From the Italian verb “impastare”, which means “to paste”, “impasto” means “dough” or “mixture”, this technique consists in applying paint in thick layers, making brush and painting-knife strokes clearly visible. This texture contributes to an expressive and energetic characteristic of painting. This technique is traditionally used with oil paint, which has a very thick consistency, but can also be applied with acrylic paint through the addition of thickening mediums. This technique became extremely popular in modern art, when artists started to look at the canvas as a three-dimensional object, rather than two-dimensional.
The purpose: This technique results in applying texture to the flat surface. Primarily, impasto was used to imitate highlights and their characteristic texture onto objects surfaces, and move into the expressive realm of the physical properties of paint itself, since Impressionism.
Layering process: Application of thick layers of paint, usually oil paint; sometimes, colours are mixed directly on the canvas/panel through the use of this method.
Unique advantages: The most unique factors is to bring texture to the painting, as well as conveying expressive emotion to the work. The expressive way of using impasto is also known as painterly, an effect that brings the attractive properties of paint to its highest.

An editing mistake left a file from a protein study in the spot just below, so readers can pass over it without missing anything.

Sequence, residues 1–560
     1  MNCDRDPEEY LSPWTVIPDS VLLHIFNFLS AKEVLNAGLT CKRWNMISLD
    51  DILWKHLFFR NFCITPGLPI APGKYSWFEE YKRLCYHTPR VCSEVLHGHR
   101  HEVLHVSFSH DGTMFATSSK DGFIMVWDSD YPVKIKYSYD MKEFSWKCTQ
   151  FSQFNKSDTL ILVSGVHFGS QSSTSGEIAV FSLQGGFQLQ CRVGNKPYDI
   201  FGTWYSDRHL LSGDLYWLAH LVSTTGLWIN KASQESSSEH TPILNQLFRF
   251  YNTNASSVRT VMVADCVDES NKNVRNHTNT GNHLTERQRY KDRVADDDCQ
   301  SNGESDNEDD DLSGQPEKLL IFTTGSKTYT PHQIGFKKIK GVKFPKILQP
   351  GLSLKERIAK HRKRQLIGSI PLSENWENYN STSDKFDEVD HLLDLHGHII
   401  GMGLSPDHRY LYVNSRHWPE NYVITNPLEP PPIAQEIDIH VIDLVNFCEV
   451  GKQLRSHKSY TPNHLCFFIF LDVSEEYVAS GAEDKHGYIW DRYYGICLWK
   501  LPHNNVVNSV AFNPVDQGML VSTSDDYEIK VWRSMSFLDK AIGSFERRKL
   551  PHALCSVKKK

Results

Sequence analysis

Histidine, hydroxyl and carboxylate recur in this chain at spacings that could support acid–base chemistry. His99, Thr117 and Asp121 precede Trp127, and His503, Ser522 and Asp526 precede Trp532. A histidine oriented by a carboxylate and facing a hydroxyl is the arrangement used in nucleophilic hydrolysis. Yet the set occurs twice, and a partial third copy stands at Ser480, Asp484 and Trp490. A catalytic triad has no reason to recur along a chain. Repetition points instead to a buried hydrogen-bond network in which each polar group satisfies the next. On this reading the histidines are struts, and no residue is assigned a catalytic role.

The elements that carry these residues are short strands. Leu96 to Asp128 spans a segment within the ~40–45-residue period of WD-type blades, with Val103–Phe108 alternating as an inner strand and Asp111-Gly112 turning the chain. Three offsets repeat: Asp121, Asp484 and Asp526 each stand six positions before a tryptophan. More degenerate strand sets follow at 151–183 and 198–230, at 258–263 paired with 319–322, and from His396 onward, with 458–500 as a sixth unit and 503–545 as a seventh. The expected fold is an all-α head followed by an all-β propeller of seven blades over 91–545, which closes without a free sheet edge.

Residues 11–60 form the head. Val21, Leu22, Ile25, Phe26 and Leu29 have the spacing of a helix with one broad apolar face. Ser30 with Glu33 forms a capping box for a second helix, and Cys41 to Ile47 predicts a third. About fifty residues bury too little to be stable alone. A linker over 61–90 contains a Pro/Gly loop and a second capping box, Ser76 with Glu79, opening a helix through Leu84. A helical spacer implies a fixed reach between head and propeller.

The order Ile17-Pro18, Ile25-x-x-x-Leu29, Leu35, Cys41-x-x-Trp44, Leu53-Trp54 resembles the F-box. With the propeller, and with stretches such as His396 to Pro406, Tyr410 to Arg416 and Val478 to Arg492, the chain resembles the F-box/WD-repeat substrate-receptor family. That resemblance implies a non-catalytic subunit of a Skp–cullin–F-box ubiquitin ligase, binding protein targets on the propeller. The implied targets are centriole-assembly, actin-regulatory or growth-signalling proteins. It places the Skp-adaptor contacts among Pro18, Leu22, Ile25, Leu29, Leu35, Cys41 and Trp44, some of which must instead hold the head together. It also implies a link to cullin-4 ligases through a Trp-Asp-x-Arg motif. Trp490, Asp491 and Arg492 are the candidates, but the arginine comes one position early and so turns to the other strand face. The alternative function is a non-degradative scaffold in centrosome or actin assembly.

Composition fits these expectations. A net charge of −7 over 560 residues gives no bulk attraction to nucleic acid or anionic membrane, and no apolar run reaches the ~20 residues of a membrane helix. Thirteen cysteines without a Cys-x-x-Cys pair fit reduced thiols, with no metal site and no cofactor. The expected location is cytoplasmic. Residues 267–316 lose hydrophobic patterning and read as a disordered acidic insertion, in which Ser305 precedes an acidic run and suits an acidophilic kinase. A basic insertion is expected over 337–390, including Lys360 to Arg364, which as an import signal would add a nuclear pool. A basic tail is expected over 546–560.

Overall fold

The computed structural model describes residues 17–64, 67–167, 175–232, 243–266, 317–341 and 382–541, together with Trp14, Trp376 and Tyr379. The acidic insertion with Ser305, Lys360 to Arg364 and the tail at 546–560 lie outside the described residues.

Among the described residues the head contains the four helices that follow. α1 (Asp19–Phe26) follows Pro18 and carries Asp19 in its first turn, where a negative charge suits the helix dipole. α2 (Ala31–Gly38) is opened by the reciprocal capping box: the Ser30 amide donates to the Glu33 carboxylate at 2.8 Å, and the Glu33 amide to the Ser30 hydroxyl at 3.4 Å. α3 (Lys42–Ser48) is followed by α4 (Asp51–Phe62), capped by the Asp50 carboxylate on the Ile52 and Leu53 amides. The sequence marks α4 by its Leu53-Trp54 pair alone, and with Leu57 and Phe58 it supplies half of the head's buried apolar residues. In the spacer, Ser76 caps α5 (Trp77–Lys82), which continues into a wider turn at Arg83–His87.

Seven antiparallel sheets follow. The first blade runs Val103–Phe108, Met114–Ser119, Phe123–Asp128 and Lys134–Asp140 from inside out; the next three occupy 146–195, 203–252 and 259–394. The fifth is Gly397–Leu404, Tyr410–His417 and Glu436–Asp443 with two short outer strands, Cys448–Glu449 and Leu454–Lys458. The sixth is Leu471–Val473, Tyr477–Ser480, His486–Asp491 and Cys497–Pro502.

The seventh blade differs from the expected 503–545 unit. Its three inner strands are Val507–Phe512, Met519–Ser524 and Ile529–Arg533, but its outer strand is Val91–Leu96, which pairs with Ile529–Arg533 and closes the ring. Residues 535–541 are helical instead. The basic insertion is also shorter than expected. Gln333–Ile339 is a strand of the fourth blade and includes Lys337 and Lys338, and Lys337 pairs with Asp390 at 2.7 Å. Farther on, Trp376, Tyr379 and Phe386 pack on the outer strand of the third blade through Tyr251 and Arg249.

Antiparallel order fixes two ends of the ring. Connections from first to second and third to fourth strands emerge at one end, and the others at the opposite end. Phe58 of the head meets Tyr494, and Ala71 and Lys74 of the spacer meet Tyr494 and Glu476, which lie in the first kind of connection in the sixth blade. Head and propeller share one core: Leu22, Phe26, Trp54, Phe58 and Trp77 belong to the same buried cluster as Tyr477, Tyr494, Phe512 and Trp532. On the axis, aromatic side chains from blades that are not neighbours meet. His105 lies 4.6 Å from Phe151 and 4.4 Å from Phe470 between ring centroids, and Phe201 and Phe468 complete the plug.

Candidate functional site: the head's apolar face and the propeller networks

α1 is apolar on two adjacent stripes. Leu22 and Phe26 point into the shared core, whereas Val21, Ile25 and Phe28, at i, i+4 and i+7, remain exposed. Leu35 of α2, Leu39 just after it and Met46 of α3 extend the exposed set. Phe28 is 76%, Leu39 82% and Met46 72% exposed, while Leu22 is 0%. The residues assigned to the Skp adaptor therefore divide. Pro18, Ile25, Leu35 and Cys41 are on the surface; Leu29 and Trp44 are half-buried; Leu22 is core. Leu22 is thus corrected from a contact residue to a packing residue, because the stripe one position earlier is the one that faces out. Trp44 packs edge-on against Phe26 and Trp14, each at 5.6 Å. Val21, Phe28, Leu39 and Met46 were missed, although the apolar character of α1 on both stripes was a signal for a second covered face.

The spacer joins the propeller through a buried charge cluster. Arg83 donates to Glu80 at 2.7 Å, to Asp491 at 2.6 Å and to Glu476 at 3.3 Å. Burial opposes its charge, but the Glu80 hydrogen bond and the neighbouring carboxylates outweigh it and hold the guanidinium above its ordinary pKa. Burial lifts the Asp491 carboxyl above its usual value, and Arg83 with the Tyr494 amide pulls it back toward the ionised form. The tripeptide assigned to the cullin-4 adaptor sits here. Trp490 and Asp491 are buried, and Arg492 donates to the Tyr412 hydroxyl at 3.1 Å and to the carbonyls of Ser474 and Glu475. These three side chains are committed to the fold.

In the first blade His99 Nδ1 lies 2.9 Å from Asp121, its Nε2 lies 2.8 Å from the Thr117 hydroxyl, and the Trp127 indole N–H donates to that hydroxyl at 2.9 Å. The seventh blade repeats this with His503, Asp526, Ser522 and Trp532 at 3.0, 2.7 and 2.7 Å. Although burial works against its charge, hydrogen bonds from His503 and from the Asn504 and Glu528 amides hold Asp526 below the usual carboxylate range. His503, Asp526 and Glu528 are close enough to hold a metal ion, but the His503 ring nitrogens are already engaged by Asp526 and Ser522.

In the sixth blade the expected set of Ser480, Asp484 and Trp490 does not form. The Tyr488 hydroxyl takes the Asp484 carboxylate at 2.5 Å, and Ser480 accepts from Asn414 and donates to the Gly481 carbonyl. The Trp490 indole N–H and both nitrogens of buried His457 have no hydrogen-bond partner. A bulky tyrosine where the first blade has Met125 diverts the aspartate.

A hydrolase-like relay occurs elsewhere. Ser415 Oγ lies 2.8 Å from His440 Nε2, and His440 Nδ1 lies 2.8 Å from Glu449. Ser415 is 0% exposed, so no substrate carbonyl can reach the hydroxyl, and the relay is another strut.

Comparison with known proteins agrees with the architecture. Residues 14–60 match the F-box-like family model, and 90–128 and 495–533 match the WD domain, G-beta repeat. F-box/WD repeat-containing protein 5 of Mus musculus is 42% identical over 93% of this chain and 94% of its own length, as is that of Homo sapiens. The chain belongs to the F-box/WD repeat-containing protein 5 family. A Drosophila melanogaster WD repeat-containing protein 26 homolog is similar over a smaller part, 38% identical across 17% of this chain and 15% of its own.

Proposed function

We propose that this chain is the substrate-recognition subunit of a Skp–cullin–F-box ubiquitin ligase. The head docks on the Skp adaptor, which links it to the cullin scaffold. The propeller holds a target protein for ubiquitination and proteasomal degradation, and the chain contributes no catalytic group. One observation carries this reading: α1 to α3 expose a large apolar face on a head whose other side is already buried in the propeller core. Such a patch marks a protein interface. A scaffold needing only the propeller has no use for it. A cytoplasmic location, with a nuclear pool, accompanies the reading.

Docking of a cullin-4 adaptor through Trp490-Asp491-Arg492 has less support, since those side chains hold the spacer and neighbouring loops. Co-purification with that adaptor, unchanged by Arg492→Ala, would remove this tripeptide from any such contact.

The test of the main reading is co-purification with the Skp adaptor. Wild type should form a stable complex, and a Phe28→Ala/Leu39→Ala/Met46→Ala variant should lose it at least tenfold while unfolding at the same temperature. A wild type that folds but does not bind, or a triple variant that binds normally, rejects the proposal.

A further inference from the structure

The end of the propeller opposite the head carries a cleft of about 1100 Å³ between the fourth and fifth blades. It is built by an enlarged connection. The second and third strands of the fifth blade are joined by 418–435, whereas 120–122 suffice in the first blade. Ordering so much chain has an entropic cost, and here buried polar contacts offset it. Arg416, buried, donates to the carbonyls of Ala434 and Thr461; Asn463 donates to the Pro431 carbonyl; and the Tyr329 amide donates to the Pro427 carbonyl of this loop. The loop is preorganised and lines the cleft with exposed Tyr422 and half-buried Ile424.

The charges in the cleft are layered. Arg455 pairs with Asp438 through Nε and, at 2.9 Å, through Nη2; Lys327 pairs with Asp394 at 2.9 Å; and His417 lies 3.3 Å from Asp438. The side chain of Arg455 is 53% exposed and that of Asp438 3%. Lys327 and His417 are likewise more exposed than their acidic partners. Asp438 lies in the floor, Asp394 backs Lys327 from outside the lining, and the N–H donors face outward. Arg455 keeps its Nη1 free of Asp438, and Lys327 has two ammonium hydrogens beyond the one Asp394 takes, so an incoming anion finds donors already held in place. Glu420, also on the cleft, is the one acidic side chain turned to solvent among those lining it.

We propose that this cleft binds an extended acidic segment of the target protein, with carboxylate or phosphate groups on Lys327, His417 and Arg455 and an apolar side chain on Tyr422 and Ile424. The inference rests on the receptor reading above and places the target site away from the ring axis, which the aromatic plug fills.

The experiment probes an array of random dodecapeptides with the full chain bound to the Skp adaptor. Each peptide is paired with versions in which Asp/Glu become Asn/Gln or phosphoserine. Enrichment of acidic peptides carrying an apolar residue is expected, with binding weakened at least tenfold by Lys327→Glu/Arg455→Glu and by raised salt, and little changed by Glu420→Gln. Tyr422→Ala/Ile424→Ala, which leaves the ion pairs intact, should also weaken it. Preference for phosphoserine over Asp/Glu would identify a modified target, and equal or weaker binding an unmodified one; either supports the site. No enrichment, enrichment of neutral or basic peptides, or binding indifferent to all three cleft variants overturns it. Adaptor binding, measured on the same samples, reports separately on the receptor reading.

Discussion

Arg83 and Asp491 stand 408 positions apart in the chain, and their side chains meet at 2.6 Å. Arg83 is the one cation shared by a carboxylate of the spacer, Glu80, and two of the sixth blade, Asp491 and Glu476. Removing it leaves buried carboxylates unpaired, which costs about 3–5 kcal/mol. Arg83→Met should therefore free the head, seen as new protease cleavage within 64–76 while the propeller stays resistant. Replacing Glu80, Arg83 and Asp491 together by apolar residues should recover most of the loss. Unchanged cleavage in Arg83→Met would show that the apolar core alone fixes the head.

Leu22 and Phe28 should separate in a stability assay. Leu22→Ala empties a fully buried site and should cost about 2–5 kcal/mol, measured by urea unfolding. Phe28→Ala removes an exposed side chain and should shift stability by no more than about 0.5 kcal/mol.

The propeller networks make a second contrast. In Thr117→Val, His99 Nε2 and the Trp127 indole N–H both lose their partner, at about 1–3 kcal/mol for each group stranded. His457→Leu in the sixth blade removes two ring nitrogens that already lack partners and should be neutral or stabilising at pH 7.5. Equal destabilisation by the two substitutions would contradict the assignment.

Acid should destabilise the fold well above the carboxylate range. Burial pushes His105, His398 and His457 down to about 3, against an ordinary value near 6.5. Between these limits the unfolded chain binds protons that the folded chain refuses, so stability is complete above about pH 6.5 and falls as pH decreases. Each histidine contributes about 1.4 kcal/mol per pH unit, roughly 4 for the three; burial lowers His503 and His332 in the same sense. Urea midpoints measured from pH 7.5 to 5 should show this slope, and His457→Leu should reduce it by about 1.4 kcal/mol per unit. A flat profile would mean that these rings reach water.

Impasto first appeared in the paintings of the Venetian School, in the 16th century Renaissance, in works of artists such as Titian and Tintoretto, and also appears in Baroque paintings before reaching naturalist, romantic and impressionist painting. In the Baroque art of the 17th century, artists used impasto to intricately mimic the texture of wrinkled skin or to translate the shimmers of detailed jewelry, fabrics and crafted armour. In the 19th century, when Post-Impressionism emerged, especially by the magic hand of Vincent van Gogh, paintings were created directly from paint into the surface of the canvas. In the 20th century, Abstract Expressionism, especially Action Painting, explored the technique and paint in new dynamic, expressive and gestural ways, enhancing the properties of the paint itself. Nowadays, the impasto technique has become an intrinsic part of modern art, as the true qualities of the paint gain a central focus, not only in the painting process, but also in the finished artwork.
Tintoretto’s Self-Portrait presents a key feature of his style, as the visible brushwork and pastes of paint mimic the highlights on the skin, through the use of the impasto technique. The Dutch artists, Rembrandt and Frans Hals, each show a characteristic way of translating (respectively) the shimmer of jewelry and rich textiles – as seen in Belshazzar’s Feast by Rembrandt -, as well as the textures of wrinkled skin and modelling of the simple fabrics – as seen in Gypsy Girl by Frans Hals. On the other hand, Claude Monet started using the technique throughout his career, relying on paint and colour to express the perceptible reality, which culminates in his last works, for example in The Water Lily Pond, Green Harmony. Following the impressionists footprints, Vincent van Gogh and other Neo-Impressionists, relied on impasto to convey even more expression to their paintings, and in The Starry Night, the energetic brushwork and layers and layers of thick paint, where the colours were mixed directly onto the canvas, are the marks of the artist’s work.
The Impasto technique was crucial in the development of Impressionism and Neo-Impressionist painting, which were a big impact on contemporary styles such as Abstract Expressionism, especially, Action Painting.